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A Tally of Types (Anglais) Broché – 7 juin 1973


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The Tally of Types was first circulated in a privately printed edition in 1953, achieving a fame and influence wholly disproportionate to the comparatively small number of copies in existence. In 1973 Cambridge University Press published a version edited and expanded by Brooke Crutchley and others, making this classic of typographical history and practice available to a wider readership; it is this edition we have reprinted here. Stanley Morison provided the impetus and judgement behind the programme of typographical revival carried through by the Monotype Corporation in the 1920s and early 1930s. The Tally is an account, historical, critical and functional, of the types cut under Morison's direction during this period. It is an impressive performance: a fine example of what is now recognised as Morison's characteristic blend of erudition and insight. What started as no more than an attempt to record the facts developed, under his hand, into one of the major statements of typographical practice of its time.



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14 internautes sur 14 ont trouvé ce commentaire utile 
Definitely worth reading 8 avril 2000
Par Matt McDowall - Publié sur Amazon.com
Format: Broché
This book provides a great insight into the history and design of type, and quite a bit of the commentary is useful even today. Morison is well known, of course, for the Times New Roman face - and there is a section in the book on that face. But his commentary on the designing of faces like Plantin and Bembo is much more interesting, if you ask me. Also, if you are at all a fan of Eric Gill, you will like the section on Perpetua and Felicity. Anyone interested in the history of type should have this book, that much is certain.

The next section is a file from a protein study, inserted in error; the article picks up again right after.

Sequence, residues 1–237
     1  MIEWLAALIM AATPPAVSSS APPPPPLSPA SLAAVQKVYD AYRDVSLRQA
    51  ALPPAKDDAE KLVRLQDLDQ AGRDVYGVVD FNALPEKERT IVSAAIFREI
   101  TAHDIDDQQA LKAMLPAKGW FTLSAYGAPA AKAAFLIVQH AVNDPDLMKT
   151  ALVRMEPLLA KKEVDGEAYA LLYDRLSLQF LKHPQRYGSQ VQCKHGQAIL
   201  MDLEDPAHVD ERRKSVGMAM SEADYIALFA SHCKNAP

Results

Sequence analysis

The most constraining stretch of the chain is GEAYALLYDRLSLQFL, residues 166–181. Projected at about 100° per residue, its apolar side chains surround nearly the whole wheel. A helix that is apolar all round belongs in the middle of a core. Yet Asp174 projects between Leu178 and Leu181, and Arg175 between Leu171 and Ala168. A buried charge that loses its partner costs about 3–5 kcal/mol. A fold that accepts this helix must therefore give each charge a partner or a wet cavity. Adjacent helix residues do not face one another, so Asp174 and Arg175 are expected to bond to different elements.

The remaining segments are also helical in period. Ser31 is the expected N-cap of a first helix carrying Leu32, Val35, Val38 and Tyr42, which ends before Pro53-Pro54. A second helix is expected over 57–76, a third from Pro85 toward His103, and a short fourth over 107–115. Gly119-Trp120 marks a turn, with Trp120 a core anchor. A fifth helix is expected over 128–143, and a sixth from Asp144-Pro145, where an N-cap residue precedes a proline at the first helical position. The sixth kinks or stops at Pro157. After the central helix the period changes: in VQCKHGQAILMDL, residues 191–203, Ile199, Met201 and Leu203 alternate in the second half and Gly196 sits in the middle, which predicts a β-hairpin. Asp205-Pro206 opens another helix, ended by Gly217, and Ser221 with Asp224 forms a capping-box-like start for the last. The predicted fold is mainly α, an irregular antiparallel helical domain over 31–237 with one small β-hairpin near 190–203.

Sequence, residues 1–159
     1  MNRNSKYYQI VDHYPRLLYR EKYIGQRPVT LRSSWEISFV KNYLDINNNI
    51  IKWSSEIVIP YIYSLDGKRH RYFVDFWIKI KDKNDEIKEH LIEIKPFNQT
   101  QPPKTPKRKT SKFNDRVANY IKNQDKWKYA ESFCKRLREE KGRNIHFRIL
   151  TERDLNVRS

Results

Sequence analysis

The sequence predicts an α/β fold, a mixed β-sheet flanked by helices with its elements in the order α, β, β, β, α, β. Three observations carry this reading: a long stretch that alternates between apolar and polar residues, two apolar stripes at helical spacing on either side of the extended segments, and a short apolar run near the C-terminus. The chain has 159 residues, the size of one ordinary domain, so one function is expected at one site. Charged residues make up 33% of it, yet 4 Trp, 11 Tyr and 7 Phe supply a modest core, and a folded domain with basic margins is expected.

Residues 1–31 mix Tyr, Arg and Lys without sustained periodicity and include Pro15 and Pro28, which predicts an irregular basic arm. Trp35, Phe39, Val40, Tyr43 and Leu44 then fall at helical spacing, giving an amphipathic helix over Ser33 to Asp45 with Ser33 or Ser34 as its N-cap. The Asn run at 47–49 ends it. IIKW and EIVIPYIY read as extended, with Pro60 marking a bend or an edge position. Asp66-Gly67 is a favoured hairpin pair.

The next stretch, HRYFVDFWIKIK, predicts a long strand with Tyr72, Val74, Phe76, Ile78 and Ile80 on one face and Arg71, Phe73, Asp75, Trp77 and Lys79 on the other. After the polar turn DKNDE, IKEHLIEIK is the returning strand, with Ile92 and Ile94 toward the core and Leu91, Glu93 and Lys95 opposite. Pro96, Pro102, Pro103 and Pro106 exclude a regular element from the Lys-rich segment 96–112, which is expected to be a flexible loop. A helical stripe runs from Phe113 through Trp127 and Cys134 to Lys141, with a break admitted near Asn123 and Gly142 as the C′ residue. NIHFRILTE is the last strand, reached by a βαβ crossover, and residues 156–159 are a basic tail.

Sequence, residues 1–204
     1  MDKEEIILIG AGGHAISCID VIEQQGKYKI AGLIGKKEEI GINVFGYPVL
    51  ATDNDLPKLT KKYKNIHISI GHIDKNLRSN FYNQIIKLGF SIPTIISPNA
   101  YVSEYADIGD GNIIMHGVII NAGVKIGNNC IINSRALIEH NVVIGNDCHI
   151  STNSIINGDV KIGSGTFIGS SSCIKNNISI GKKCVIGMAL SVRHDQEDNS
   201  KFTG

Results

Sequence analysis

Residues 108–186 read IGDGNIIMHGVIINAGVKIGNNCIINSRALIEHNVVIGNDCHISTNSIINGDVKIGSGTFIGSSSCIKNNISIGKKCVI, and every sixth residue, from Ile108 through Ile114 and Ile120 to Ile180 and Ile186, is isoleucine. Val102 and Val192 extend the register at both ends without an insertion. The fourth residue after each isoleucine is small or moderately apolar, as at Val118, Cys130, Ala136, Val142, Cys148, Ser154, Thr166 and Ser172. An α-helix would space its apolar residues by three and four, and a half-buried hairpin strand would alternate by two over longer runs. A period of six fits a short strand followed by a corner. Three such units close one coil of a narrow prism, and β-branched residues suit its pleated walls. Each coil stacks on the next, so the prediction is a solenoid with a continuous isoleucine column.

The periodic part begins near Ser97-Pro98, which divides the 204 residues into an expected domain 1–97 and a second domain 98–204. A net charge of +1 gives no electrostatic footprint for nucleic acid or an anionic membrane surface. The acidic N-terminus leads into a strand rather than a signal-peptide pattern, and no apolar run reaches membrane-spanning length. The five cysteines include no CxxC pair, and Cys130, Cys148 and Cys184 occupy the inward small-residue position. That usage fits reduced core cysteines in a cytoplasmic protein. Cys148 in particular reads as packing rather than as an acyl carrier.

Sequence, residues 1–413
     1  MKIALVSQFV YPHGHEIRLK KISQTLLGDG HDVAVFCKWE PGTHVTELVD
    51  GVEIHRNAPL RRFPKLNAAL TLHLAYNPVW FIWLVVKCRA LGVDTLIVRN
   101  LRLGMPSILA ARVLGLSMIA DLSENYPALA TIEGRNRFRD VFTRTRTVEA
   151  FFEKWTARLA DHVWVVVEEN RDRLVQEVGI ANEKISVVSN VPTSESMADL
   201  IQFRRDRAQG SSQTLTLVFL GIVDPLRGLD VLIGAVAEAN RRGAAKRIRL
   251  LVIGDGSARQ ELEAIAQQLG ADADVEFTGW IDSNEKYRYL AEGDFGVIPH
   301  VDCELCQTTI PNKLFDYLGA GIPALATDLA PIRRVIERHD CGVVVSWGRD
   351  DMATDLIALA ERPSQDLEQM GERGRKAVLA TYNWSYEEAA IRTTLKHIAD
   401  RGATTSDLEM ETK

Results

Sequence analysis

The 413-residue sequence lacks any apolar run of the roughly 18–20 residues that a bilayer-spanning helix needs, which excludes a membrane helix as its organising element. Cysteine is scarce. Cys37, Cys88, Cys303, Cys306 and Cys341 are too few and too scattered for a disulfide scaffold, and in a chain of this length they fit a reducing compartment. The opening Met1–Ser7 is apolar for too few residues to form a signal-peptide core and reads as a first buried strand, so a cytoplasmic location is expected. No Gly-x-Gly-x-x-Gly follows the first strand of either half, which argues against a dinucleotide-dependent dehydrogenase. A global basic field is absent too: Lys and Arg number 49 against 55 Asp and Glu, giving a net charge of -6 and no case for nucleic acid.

5 internautes sur 5 ont trouvé ce commentaire utile 
Visual and historical information 22 avril 2004
Par wiredweird - Publié sur Amazon.com
Format: Broché
Typography may be unique among arts in its historical ties to commerce. Type foundries create and sell fonts as a matter of business. Trades like printing and advertising have historically publicized type by using it, and driven the creation of new fonts. Typography is also distinctive in that, for such small field, it has so many large personalities.
Stanley Morison is one of those personalities, and one of the people who made 20th century typography what it was. He had a unique insight into the type trade of the first half of that century, as well as a wealth of history about several other centuries of type design and designers.
The most strinking feature of this book is the way each chapter about some important typeface is set in that face. Seeing and reading a whole page of body text, set and spaced in the usual way, is fundamentally different from seeing menu of "quick brown foxes" or pages of nonsense words. Reading the type is different from looking at letterforms, so this gives real information that specimen books can never provide. (As a personal matter, I realized just how much I dislike the italics with slope angles different in the capitals than in the lower case.)
Don't pick this up as a text on typography; beginners won't get much they can use. If you already appreciate that subtle art, if you want to learn more about its history and practice, this is a very enjoyable way to learn.
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